Depending on the settings of your F-Secure security product, it will either automatically delete, quarantine or rename the suspect file, or ask you for a desired action.
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You may also refer to the Knowledge Base on the F-Secure Community site for more information.
This worm is known to F-Secure as Linux.Devnull. Some security vendors are calling it Linux.Slapper.D, although the only thing it has common with Slapper is that it uses the same vulnerability.
This worm, once the host has been compromised, downloads and executes a shell script from a web server. This script downloads an gzipped executable file from the same address, it then decompresses and runs the file.
This downloaded file appears to be an IRC client, it connects to different channels and waits for commands to process on the infected host.
Above: a screenshot of the IRC channel used by the worm for remote control of infected machines. The channel had hundreds of bots, each representing one infected machine.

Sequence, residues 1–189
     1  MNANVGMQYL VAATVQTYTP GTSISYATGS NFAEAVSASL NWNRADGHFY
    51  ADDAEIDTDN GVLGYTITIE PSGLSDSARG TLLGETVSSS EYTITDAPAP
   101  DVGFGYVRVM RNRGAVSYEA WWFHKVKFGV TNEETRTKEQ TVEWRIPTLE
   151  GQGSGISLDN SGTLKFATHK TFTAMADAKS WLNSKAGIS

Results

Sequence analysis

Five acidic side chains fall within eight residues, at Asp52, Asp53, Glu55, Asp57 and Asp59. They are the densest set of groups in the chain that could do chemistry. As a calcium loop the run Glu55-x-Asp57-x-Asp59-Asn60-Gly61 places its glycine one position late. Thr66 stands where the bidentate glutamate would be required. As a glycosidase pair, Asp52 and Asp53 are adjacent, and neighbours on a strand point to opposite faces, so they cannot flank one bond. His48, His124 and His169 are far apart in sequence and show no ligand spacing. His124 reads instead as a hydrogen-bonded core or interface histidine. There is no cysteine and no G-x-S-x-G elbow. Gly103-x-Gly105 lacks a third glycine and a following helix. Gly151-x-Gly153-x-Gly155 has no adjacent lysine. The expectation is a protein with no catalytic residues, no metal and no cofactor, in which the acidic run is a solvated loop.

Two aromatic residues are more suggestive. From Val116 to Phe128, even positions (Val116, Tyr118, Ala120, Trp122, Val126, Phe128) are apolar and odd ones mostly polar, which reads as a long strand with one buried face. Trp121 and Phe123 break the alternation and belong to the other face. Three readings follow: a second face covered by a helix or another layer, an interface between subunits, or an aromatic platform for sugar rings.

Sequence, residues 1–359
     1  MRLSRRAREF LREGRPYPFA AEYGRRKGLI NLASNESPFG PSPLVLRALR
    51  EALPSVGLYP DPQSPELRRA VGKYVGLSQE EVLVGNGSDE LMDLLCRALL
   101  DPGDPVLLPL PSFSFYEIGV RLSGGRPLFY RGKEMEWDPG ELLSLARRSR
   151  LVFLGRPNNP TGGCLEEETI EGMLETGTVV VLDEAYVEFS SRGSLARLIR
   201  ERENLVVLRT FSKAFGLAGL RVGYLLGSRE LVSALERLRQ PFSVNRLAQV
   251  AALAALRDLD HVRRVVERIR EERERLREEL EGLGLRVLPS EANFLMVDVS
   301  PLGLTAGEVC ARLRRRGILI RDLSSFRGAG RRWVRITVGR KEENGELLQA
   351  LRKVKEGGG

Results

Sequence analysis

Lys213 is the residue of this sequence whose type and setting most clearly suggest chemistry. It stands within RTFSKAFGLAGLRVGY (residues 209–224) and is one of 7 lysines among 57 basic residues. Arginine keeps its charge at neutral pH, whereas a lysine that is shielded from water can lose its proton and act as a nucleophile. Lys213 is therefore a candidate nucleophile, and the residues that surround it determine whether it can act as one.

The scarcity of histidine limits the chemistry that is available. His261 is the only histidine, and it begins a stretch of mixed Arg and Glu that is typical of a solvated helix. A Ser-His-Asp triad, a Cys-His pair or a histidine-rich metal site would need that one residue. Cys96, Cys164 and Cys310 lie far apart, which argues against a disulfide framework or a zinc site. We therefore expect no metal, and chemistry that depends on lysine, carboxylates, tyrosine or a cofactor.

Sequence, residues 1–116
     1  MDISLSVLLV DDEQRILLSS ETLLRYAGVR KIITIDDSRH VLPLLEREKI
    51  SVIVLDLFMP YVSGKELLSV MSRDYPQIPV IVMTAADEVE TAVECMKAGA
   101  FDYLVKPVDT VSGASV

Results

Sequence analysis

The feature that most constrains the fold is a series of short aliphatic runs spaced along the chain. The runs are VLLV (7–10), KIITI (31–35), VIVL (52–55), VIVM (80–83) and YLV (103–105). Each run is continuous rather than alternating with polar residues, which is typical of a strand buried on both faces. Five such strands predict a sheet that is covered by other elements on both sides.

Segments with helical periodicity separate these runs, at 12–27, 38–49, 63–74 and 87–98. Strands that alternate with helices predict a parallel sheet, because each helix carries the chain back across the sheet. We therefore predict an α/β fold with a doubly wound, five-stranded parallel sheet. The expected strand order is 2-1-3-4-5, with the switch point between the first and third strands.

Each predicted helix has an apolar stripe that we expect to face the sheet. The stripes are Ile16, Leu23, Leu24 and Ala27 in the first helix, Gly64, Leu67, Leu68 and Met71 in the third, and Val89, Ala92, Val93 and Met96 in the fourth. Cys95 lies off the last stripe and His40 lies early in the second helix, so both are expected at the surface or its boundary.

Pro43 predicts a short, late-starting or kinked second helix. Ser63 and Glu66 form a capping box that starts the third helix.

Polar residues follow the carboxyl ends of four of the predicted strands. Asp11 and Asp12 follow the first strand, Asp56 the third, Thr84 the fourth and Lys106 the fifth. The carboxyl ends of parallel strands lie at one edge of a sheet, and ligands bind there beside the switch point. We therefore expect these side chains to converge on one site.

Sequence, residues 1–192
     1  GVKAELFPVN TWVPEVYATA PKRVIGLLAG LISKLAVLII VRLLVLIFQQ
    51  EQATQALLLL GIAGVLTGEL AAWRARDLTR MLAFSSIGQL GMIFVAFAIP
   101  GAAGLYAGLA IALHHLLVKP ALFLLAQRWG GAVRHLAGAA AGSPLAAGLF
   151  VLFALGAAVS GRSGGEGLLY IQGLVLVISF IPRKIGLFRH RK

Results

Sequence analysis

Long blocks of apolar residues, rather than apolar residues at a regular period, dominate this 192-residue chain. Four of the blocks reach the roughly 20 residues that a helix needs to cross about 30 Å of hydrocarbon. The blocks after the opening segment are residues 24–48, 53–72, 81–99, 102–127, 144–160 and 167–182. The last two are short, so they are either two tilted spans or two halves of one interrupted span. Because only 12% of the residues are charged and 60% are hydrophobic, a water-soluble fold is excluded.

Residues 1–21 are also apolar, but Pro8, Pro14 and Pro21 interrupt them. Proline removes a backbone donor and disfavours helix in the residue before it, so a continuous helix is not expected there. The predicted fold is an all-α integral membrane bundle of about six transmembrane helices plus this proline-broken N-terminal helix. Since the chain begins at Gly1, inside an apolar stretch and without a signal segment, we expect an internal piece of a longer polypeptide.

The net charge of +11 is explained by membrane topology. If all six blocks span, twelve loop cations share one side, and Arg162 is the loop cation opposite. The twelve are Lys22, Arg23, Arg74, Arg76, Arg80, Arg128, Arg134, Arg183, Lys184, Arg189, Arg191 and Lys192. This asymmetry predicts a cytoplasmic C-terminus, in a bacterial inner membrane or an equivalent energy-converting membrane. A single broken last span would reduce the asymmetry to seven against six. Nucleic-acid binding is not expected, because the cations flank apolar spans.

After this, the script downloads another compressed file which contains an executable and a C source code file. It tries to compile the source and runs the executable. The executable will scan for vulnerable hosts and it will use the compiled program to exploit the the known OpenSSL vunerability.
We are currently trying to remove these files from the web server - once this is done, the worm shouldn't be able to spread further. The files seem to be available on a server of a Japanese University.
If a vulnerable host is found it will send the script file and execute it remotely. Then the decribed process starts in the new infected host.
This worm doesn't create a P2P network as Slapper did.